By on January 25, 2019

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Ford’s chief executive, Jim Hackett, told employees Thursday evening that 2019 cannot be a repeat of last year.

“2018 was mediocre by any standard,” Hackett said in an email to employees. “Yes, we made $7 billion last year. But think of it this way: this represents a 4.4 percent operating margin, about half what we believe is an appropriate margin. So we are aiming for much closer to $14 billion.”

Despite being at the helm of The Blue Oval for nearly two years. Hackett’s Ford continues to endure a slipping share price and a market cap of 34.5 billion — substantially less than General Motors’.

“I become mad for a short time. Likely mad at myself, but also because I know we are better than that,” the CEO said of Ford’s current situation. “I know that our competition hasn’t been better than us by magic.” 

Reuters, which was the first to report Hackett’s letter to staff, outlined recent moves aimed at making the company more competitive, while also citing its current financial situation. Ford, which announced fourth-quarter results on Wednesday, reported a $7 billion operating profit for 2018, with a profit margin of 4.4 percent. That’s significantly less than 2017’s 6.1 percent, but last year wasn’t particularly kind to the industry as a whole — giving Ford an easy out that Hackett wisely isn’t interested in taking.

He claimed it was “time to bury [2018] in a deep grave, grieve over what might have been and become super focused on meeting, and, in fact, exceeding this year’s plan.”

Ford’s already trimming down its lineup and restructuring its global operations, including plans for widespread job cuts in Europe. It also recently announced an alliance with Volkswagen to jointly produce commercial vehicles before potentially moving on to co-developed electric and self-driving vehicles. Hackett claimed Ford accelerated its timeline for the introduction of new EVs and the electrification of its broader portfolio since taking the helm of the company.

Hackett’s letter also asked what the company could do about China, a region where General Motors has thrived and most other automakers see a future, but Ford has repeatedly struggled with.

[Image: Ford Motor Co.]

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63 Comments on “Ford CEO Issues No-nonsense Letter to Employees, Seeks Doubling of Profits...”


  • avatar
    R Henry

    Hackett’s best contribution to Ford will be to leave the building.

  • avatar
    turbo_awd

    . Sometimes I wish it would be “$x thousand successfully employed” AND $7B profit to boot! Mind you, corporations SHOULD make profits, but not profits at any cost…

  • avatar
    wooootles

    The message is framed very wrongly and/or out of touch, in my opinion. It’s so very CEO-speak.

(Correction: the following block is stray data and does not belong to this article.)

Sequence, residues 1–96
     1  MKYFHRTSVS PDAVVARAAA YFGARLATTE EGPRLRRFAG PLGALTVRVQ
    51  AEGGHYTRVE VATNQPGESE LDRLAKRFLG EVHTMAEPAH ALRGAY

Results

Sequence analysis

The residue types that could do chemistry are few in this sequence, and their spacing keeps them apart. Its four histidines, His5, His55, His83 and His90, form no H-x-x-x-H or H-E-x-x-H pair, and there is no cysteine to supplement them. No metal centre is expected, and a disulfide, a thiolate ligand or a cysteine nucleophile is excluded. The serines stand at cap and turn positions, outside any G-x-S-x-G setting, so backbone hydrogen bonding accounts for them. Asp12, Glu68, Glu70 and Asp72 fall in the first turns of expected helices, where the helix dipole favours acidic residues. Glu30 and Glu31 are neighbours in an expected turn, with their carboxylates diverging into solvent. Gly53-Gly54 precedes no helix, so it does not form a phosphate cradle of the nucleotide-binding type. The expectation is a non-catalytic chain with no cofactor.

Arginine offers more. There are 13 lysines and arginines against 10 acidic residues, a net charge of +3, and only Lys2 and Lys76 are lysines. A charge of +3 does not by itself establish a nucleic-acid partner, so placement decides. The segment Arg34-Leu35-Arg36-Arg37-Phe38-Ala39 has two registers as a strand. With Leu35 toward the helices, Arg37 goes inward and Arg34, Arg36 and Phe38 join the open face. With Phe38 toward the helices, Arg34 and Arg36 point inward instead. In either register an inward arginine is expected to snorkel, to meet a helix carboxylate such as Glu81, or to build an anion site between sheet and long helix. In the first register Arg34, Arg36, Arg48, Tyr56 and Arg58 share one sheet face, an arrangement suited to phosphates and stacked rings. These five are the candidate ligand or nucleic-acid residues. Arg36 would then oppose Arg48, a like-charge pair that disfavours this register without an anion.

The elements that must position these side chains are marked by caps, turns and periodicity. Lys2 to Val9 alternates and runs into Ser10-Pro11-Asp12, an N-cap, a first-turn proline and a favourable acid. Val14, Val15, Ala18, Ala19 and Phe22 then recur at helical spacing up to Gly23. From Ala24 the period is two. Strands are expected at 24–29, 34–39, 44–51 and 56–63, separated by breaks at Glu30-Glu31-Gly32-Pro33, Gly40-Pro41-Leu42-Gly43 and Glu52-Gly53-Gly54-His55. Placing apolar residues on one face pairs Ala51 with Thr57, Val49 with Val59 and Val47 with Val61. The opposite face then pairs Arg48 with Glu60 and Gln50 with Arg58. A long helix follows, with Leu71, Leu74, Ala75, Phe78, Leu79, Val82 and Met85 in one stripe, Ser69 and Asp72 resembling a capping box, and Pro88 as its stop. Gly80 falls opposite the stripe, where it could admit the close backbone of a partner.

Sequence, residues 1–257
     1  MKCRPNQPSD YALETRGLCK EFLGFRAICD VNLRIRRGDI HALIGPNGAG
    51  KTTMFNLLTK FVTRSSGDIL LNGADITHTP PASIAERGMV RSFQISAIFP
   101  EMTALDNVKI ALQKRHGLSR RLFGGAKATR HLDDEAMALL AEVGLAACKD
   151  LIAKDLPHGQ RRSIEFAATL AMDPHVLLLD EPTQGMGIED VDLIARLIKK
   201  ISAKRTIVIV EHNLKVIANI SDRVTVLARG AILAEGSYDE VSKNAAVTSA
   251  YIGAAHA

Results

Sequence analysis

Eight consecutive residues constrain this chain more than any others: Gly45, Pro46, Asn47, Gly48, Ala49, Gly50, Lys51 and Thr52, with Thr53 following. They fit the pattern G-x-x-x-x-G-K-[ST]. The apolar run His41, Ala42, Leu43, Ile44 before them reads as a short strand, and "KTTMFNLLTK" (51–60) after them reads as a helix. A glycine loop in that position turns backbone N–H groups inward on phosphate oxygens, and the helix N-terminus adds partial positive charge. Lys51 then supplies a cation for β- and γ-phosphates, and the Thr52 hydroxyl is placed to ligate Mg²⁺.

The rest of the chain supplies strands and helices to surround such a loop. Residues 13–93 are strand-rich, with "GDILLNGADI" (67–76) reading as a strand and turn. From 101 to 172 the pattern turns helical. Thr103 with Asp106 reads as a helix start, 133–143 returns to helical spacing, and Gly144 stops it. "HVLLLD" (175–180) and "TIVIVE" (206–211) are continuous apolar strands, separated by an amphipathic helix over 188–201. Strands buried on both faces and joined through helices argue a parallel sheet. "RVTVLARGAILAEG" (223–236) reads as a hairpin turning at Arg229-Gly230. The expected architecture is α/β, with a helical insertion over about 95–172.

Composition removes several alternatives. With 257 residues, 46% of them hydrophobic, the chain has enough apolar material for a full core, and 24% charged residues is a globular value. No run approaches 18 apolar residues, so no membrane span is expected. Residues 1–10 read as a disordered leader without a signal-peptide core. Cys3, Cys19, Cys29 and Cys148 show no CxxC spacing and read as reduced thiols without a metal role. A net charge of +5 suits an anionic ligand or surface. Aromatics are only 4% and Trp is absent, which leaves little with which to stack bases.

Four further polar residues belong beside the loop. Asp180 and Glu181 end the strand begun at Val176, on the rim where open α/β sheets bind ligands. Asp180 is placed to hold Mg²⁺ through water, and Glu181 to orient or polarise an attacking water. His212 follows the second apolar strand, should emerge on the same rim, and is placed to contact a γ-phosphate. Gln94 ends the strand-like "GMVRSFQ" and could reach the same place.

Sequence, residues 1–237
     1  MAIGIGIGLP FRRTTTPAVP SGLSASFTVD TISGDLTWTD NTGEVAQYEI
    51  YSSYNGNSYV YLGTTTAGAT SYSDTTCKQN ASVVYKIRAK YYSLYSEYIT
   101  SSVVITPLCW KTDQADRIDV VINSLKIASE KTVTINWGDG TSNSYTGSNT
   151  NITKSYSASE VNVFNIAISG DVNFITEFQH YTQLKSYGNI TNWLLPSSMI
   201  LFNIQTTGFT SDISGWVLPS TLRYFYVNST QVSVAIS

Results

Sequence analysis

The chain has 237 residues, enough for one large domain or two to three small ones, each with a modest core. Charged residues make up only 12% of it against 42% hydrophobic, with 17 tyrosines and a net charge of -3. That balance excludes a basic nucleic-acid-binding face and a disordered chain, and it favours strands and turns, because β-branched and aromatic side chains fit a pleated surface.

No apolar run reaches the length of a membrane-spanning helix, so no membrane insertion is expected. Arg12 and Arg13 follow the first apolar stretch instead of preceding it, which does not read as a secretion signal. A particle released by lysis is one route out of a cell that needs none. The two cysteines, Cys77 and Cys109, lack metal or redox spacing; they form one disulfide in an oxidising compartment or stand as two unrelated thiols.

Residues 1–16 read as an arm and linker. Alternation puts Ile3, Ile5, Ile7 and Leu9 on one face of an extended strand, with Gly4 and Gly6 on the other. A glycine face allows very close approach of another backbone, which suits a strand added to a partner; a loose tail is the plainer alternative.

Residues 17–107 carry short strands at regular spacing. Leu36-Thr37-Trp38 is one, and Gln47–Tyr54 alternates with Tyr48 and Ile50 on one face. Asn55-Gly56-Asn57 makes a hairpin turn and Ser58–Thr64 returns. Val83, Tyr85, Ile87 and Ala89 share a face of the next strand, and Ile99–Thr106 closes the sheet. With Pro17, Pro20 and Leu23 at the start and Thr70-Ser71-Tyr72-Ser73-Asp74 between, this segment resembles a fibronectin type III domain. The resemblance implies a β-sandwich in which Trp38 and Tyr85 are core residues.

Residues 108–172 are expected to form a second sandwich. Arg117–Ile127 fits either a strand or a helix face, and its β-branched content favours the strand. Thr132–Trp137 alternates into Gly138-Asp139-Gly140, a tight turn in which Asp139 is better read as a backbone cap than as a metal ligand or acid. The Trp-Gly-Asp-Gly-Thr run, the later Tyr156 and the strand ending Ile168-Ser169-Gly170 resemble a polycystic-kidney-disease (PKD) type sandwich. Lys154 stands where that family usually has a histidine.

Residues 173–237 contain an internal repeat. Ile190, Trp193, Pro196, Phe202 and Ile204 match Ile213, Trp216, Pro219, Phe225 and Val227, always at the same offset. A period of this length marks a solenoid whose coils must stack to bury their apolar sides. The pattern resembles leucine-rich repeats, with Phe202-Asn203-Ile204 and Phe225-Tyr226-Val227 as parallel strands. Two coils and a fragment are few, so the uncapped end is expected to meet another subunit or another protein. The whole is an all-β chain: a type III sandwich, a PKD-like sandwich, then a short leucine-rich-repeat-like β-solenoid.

• avatar
    jkross22

    Hackett thought this was going to somehow fire up the troops.

    That troubling judgement – more than anything else – spells trouble for the blue oval.

    • 0 avatar
      highdesertcat

      ” spells trouble for the blue oval.”

      IMO, not just the blue oval. Many auto industry analysts and forecasters predict a downturn in new vehicle sales for 2019 and 2020. It already started with the 2018 MY, and will continue to decline worldwide.

      Those of us in the real estate business have already begun to see a reduction in the sales of homes, while at the same time seeing an increase in the demand for rentals (apts, condos, townhouses, and yurts.)

    • 0 avatar
      trackratmk1

      For the vast majority of employees at Ford who are working for a paycheck NOT linked to 7 figure bonuses, they couldn’t care less about the corporate P&L statements. I think this will leave a lot of folks at best bemused, and at worst completely under appreciated for their contributions.

      Does anyone working below the C-suite level in Dearborn feel like they will get a slice of the extra 7 Billion they should earn for the company in 2019?

  • avatar
    seth1065

    I do not know if the Ford workers have faith in him, at least in Mark Fields they had someone who know and grew up in the company. This kind of strikes me as ” the beatings will continue until morale is better” I understand the F150 can hide a lot of sins but it seems Ford is slipping behind their competition.

  • avatar
    Asdf

    If only Ford continues to trim its lineup even further, decimates its workforce in US and Europe, and bends over for the pleasure of the Chinese, everything will be hunky dory in the end.

    • 0 avatar
      highdesertcat

      Hey, demand for Ford F-series pickup trucks is up! And with the new Ranger, sales will pick up even more.

      Queue the Fiesta trucklet, for even more sales.

      America is overwhelmingly choosing pickup trucks and SUVs/CUVs as their primary vehicles of choice.

  • avatar
    conundrum